This week (on 3 September) the Chinese government has decreed a special one-off public holiday (and vast military parade) to mark what it calls China’s victory over Japan 70 years ago. As with all anniversaries, a plethora of frantic re-writings of history is now underway to mark this moment. One can debate if it really was China or the impact of Hiroshima that defeated Japan, and the argument over whether it was China’s communists or nationalists who fought most, suffered more, are most responsible for the victory, will rumble on.

This blog looks back at a supposed racial impact of the war, specifically of the ignominious defeat of the British followed by Japan’s occupation of Hong Kong. Both then, and more recently, the view has been expressed that Japan’s appeal to the Asian populace for the overthrow of Western imperialism was attractive, and encouraged versions of collaboration among particularly Eurasian as well as Chinese Hong Kongers.

A gentle look at the first point comes in Asia for the Asiatics, by Robert Ward, published by the University of Chicago Press just before the war ended. Ward had been a consular officer for the United States, stationed in Hong Kong, and was interned for six months before being repatriated. He witnessed the early efforts of the Japanese to establish an empire in Asia ‘for the Asiatics’.

This was, according to Ward, a calculated, brutal and systematic process, of which the initial outbursts of rampant disorder, rape and looting was an integral part. Ward claims this had the effect (and so Ward assumes the intention) of forcing the local Hong Kong elite into submission. Leading figures such as Shouson Chow and Robert Kotewall, members of the Li (Bank of East Asia) family, and others did consent to take roles in committees set up by the occupying Japanese powers. No doubt they did so for self-preservation but it is also on record that departing British senior civil servants had specifically asked Chow and Kotewall to deal with the Japanese to help feed the people.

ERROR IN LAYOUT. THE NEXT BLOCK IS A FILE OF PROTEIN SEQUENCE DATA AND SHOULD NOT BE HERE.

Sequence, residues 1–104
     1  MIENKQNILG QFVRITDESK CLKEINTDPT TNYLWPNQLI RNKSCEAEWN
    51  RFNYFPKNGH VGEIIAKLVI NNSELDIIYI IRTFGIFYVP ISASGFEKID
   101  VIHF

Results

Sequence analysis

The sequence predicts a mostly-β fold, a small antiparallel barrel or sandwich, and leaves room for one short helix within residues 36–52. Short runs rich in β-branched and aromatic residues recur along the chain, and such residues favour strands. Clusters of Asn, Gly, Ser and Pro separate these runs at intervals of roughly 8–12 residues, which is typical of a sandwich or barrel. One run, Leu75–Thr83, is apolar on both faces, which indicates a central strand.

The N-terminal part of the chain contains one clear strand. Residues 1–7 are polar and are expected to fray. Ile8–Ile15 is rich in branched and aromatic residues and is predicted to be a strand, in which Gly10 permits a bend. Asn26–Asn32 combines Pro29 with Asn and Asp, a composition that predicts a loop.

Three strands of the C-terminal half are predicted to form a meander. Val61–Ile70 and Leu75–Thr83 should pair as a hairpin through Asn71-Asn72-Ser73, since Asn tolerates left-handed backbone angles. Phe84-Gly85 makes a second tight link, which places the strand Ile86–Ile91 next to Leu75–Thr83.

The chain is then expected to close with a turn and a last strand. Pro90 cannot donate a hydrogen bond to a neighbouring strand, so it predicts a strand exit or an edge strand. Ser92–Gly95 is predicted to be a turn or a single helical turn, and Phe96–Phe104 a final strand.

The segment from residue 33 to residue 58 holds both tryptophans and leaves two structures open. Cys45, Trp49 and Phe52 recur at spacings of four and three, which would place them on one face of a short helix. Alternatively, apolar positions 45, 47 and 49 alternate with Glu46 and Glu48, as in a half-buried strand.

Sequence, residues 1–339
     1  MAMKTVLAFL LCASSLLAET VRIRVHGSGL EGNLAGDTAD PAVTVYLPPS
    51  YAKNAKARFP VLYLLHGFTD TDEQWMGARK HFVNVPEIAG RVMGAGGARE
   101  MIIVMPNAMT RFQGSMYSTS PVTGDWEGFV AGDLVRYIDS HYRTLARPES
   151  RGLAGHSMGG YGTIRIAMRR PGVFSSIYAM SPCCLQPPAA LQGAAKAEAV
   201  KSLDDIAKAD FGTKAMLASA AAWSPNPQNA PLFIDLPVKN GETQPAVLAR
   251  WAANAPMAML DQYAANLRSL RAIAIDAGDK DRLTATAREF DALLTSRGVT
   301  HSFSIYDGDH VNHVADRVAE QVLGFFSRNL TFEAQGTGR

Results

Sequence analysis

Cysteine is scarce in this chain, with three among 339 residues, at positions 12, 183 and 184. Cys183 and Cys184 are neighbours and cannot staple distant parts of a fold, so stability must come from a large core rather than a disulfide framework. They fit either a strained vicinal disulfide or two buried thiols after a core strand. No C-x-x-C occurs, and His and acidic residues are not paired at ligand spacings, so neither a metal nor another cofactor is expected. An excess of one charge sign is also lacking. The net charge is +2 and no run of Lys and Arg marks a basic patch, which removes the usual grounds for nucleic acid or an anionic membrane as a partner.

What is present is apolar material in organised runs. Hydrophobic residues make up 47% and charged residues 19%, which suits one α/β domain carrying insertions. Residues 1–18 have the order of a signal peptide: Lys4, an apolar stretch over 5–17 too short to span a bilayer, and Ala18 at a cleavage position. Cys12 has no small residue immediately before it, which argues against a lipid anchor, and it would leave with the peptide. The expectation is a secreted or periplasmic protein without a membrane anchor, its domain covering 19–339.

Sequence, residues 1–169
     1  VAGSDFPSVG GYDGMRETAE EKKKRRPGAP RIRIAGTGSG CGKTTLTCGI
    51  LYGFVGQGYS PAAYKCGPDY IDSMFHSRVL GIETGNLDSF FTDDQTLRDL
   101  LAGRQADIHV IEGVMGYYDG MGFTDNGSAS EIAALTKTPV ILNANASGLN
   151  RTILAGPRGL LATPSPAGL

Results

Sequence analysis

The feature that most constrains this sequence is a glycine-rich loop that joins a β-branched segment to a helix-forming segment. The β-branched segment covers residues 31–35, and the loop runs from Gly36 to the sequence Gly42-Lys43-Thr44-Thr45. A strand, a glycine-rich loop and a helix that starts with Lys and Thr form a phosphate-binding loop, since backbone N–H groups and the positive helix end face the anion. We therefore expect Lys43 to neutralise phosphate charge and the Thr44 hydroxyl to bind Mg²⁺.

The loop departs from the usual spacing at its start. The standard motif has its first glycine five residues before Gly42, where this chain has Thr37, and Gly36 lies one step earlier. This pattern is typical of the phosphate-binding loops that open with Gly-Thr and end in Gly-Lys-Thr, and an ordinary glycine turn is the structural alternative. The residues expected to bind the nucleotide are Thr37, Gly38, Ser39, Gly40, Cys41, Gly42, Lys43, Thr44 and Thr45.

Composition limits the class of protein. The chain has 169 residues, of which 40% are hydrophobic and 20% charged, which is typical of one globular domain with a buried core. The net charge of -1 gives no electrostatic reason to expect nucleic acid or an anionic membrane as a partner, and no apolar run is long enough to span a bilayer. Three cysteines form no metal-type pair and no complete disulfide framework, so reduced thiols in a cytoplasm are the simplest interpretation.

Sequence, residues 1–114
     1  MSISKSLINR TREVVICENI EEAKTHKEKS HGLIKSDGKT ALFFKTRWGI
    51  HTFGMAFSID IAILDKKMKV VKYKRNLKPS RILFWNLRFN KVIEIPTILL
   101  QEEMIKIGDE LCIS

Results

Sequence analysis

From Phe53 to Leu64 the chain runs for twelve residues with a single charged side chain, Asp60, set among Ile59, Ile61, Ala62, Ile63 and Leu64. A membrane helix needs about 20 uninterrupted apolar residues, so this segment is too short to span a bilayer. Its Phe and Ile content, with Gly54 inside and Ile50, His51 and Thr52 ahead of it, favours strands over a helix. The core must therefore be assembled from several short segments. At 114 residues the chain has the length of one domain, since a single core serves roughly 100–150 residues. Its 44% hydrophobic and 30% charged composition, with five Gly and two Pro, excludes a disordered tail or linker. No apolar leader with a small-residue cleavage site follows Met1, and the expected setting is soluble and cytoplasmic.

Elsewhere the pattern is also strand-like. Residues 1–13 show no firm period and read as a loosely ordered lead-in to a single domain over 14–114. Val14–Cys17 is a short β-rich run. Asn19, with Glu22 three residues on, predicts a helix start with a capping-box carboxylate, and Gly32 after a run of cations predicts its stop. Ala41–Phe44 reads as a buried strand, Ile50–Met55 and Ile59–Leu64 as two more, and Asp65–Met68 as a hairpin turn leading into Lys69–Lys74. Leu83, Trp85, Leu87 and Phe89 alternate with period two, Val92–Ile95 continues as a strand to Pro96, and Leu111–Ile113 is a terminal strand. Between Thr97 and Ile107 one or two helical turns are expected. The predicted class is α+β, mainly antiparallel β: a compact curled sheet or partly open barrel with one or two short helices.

Ward’s primary concern was to consider what the post-war landscape will be in East Asia, after this idea of Asia for Asians has taken hold. Writing in 1945, he doubted that the brutality and subjection imposed by the Japanese would entirely neutralise the power of the pro-Asia ideal.

The overwhelming fact for many writers, then and since, has been the shaming collapse of the white man, of white power, seen in Japan’s rapid takeover not just of Hong Kong, but other British colonies such as Malaya, Singapore and Burma. These defeats would leave a residue, the impact of which would change post-war Asia forever.

All this was true, of course, but it is interesting to examine now the extent to which the collapse of British military power in the East did Not mean an end to British rule in Hong Kong, nor to Western impact and roles in East Asia’s post-war development. It is also interesting to note that, according to many Hong Kong people’s recollections, the brutality of Japanese rule did in fact fatally damage that ideal of Japan-led Asia for the Asians.

Perhaps race was simply less of a defining characteristic for people struggling to survive than some theorists would accept.